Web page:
Fluid containing tiny fat bubbles can relieve back pain, the Daily Mail reported.
A single injection is filled into the spinal joints. It contains a liquid called ExoFlo, which is made up of billions of tiny cells known as exosomes - each the size of a human hair. These healing cells, which are found in bone marrow, are encased in a layer of fat.
The exosomes, which were only discovered in the 1980s, are thought to play an important role in cellular repair by quenching inflammation.
They also contain growth factors, which are needed to repair and revitalize damaged cells throughout the body, and genetic material that can improve the function of various cells.
After scientists at Direct Biologics in the U.S. perfected a way to mass produce them using the bone marrow of a young healthy donor, in addition to back pain, these cells are being tested for use in a range of diseases, from tennis elbow (a tendon disease - ed.) to Crohn's disease.
In the study, the results of which were published in the International Journal of Science and Research Archive, some patients who were injected with fat bubbles experienced an 80 percent reduction in back pain within a month of the injection.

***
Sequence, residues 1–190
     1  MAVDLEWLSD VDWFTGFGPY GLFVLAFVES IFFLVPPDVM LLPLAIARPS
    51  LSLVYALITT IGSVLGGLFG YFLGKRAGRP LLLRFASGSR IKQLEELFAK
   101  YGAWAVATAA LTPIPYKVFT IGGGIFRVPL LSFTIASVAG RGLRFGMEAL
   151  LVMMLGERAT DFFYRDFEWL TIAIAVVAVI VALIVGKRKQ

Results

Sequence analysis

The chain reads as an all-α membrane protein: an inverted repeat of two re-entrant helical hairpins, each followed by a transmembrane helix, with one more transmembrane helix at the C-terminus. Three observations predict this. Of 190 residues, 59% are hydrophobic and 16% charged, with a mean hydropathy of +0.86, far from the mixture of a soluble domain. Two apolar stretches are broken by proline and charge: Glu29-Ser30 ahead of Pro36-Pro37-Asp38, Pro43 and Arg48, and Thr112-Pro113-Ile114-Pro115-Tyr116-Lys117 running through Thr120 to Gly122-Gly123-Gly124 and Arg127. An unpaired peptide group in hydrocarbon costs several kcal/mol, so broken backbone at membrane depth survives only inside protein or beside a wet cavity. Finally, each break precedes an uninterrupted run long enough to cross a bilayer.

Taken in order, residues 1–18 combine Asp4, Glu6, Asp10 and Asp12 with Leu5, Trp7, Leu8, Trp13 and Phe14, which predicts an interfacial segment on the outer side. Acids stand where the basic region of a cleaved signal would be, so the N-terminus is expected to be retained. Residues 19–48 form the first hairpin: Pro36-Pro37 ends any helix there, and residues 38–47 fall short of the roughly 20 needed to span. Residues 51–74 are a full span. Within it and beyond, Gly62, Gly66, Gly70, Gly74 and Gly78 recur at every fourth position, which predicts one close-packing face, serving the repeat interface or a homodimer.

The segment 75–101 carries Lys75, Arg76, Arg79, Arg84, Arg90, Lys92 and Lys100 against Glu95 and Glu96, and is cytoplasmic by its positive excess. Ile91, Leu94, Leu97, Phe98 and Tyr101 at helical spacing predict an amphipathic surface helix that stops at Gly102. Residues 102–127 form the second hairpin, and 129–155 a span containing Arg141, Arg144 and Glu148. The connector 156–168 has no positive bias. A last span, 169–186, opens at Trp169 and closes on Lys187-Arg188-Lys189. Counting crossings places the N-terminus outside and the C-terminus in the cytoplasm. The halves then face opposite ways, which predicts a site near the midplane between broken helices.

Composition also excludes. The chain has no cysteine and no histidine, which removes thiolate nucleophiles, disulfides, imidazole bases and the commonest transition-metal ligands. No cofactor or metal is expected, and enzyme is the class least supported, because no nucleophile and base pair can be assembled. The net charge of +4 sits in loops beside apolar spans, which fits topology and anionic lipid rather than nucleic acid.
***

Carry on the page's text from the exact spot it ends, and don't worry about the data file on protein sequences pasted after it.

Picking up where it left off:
Degenerative disc disease, in which the discs that cushion the bones of the spine deteriorate over time, is one of the most common causes of low back and neck pain. It is estimated that about 40 percent of people 40 years of age and older have at least one degenerative disc. By the age of 80, this figure rises to 80%.
The main symptom is low-level chronic pain with occasional bouts of more severe pain, often with pinched or compressed nerves.
Treatment includes pain medications, physical therapy, and disc replacement surgery. In the new exosome treatment, doctors take a tiny amount of liquid containing exosome bubbles -- about a tenth of a teaspoon -- and inject it into the injured joint in the spine.
The fluid is supposed to trigger the healing process, reducing inflammation and promoting the growth of healthy cells to restore the cushioning ability of the joint.